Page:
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Wildcats’ Davis, Williams have unbreakable bond

By Joshua Kinder

SCOTTSDALE, Ariz. — They aren’t twins and they aren’t even brothers, but Meshak Williams has felt Adam Davis’ pain.

The two Kansas State defensive ends grew up in Georgia, but didn’t know each other. Yet today, the two seniors couldn’t be closer to each other, anchoring the Wildcats’ defensive line and a big reason K-State is playing in the Fiesta Bowl against Oregon on Thursday.

Williams and Davis grew up 128 miles from each other, but their friendship and brotherly bond wasn’t formed until the two wound up at Hutchinson Community College where they played one season together. Davis was a sophomore and Williams was a freshman.

Instantly the Georgians had a bond, one that continued to grow and led them to K-State — Davis first, in time for the 2010 season, while Williams arrived a year a later.

“Meshak is my brother,” Davis said.

But it was an unfortunate accident in the weight room that would make the biggest impact on their lives and solidify what is sure to be a lifelong friendship.

“When I heard about it, it hurt me because I knew the potential he had to be,” Williams said this week.

Davis was doing a leg press, just his third or fourth workout after moving to Manhattan, when with one thrust he felt something give out. Instantly, he knew it was bad.

“I felt everything in my back just collapse,” said Davis, who has 53 tackles – 12 for loss — and 7.5 sacks this season.

Davis suffered a slipped disk and had a pinched nerve that caused numbness and pain to radiate down his left leg to his ankle. It got worse with each passing day. Some days he couldn’t even walk.

Doctors told him he would likely be able to carry on with a normal life with surgery, but that he was finished with football.

“I wasn’t thinking about football,” said Davis, who redshirted the 2010 season. “I wanted to make sure I was going to walk again.”

Davis has done more than that. After a successful surgery, the 6-foot, 247-pounder returned to the game he loved and in two years has turned into an All-Big 12 performer with sights set on making it to the NFL.

“Coming back, I haven’t felt any pain since,” Davis said. “My back just gets tired. I do treatments and stuff to stay flexible so I don’t get tight.”

Watching Davis battle through the injury inspired the 6-3, 245-pound Williams to live his life for the moment because, after all, tomorrow isn’t guaranteed.

“When he recovered, I was so proud of him, the way he worked and rehabbed,” Williams said. “He never gave up because he loved the game. He could barely stand up and walk and he fought through it and came back better and stronger.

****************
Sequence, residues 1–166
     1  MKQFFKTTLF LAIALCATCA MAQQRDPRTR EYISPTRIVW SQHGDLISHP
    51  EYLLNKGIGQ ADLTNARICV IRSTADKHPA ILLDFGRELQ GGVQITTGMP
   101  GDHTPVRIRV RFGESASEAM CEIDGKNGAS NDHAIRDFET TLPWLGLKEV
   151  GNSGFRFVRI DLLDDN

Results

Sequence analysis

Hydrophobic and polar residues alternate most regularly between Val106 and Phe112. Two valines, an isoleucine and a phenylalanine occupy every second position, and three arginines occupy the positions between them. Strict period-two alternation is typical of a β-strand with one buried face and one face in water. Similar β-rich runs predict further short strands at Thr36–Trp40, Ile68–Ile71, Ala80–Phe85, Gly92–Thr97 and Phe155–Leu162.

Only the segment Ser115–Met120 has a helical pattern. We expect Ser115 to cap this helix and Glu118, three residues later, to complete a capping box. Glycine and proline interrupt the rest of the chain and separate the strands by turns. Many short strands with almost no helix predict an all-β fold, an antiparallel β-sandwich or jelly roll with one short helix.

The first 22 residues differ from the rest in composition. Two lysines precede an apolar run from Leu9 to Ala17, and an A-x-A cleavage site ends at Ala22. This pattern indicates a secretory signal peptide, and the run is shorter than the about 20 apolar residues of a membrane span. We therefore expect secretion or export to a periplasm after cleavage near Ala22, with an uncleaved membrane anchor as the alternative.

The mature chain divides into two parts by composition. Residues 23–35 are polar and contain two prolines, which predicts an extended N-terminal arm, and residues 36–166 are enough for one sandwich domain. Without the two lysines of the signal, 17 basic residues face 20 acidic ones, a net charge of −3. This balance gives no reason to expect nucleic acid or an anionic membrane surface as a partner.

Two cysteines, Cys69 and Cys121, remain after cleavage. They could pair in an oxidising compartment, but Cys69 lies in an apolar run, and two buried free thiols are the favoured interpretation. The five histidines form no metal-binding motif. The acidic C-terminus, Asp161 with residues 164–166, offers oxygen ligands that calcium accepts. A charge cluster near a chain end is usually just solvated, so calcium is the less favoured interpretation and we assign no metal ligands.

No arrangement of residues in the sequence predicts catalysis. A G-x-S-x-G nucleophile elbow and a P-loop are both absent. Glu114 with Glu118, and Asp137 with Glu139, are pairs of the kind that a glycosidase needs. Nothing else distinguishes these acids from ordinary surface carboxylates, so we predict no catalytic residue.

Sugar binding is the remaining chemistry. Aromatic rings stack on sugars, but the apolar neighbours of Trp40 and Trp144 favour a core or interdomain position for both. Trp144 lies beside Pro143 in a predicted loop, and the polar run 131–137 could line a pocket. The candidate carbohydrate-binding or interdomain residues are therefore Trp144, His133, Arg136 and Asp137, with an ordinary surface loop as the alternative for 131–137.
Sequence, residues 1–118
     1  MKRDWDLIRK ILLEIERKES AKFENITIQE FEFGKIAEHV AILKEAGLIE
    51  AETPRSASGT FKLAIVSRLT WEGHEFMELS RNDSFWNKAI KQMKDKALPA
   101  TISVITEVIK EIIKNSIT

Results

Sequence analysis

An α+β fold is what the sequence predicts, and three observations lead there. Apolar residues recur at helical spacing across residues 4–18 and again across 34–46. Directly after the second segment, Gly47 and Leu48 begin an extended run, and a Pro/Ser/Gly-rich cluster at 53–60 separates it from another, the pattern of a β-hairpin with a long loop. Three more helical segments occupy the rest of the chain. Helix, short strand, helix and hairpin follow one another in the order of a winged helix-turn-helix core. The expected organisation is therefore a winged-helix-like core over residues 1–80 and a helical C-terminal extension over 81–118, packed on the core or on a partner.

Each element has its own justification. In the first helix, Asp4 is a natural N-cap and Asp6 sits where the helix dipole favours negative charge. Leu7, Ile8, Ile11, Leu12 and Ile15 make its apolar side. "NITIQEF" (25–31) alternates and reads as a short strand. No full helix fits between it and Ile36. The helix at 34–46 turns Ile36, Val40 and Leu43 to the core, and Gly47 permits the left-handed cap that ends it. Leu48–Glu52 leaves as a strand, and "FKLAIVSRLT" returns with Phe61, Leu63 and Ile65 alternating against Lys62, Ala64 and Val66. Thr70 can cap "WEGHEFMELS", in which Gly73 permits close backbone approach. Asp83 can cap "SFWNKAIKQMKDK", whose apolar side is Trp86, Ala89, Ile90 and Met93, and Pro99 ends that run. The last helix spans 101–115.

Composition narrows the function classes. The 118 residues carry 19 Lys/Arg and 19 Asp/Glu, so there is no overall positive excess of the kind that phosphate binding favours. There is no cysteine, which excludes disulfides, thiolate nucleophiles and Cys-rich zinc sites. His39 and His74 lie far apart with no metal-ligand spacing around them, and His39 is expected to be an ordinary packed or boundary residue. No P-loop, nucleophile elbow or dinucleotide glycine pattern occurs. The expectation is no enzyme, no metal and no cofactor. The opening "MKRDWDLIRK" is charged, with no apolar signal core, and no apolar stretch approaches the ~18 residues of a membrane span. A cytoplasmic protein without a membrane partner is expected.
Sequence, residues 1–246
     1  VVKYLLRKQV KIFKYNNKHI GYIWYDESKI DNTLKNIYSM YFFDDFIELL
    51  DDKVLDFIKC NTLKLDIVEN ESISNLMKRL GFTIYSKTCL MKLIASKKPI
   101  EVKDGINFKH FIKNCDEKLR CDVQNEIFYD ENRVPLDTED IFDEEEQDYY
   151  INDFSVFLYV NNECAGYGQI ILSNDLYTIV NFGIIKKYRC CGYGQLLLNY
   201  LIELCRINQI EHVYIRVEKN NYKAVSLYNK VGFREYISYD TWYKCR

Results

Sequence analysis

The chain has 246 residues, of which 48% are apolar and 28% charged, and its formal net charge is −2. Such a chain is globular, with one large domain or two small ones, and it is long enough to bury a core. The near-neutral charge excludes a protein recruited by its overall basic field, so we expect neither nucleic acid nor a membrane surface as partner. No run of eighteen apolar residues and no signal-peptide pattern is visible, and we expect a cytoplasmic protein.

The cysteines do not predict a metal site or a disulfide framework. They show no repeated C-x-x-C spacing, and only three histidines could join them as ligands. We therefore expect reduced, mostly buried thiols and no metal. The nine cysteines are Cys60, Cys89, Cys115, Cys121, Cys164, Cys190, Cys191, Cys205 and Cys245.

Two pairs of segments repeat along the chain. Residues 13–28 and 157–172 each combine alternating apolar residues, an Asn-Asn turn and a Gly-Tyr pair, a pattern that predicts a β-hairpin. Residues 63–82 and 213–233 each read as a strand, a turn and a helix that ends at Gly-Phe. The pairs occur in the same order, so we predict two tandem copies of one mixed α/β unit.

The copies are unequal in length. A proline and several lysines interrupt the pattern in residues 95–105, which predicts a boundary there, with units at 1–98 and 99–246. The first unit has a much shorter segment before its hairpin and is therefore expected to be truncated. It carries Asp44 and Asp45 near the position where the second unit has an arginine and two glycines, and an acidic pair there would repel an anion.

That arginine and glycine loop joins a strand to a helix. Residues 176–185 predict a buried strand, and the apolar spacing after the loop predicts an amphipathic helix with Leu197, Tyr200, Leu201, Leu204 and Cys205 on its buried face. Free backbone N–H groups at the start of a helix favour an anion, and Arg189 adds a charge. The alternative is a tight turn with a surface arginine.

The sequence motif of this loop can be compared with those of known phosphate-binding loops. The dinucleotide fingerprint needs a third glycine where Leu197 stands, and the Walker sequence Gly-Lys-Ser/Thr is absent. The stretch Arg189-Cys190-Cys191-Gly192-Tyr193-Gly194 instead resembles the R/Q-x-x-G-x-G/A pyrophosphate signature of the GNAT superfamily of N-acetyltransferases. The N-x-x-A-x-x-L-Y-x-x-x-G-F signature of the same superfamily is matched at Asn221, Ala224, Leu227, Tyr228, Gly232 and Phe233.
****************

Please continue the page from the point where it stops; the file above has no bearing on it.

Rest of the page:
“Like he tells me, you never know when you’re last shot could be. I believe in that and know I have to go hard every play. Knowing he went through something like that, he kept going and going. You can’t take nothing for granted.”

Williams has played like a man motivated for greatness, earning Big 12 Defensive Lineman of the Year this season by the league coaches after 36 tackles — 13.5 for loss — to go with 9.5 sacks and three forced fumbles.

And together, the two have wreaked havoc on the rest of the Big 12. The duo, known by their teammates as the “Georgia muscle” or the “Smash brothers,” helped the Wildcats to an improved defense in 2012. K-State ranked third in the Big 12 in total defense and second against the run, while collecting a league-best 31 sacks this season.

“I know I’ve never coached better,” K-State defensive ends coach Joe Bob Clements said of his two defensive ends.

Part of that growth on the field could be a result of the grown Williams has made off the field as a leader.

“Meshak, sometimes before games he’ll get up in front of the team,” K-State receiver Curry Sexton said earlier this season. “It started just before the West Virginia game — Meshak just started saying what was on his mind. Everybody took it to heart because when you hear from guys you don’t typically hear from, like Meshak, everybody notices that.”

It wasn’t easy for Williams to step out of his comfort zone and into the spotlight with his teammates. He’d always preferred to let his play on the field do his talking.

“I wasn’t really sure about myself,” he said. “It was a big stretch for me because I’ve never been the guy to give speeches like that. But I realized I had to come out of my shell eventually and be that leader my team needed sometimes.”

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